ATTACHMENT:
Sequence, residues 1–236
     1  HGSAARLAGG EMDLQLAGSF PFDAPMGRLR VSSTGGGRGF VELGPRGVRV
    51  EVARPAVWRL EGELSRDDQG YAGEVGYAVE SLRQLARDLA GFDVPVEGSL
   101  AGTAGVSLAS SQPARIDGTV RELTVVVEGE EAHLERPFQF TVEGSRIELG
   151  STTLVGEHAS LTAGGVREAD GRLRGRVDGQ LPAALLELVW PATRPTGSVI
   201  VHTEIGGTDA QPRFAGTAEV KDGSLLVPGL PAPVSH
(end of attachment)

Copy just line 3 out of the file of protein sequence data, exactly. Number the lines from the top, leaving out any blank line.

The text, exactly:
    51  EVARPAVWRL EGELSRDDQG YAGEVGYAVE SLRQLARDLA GFDVPVEGSL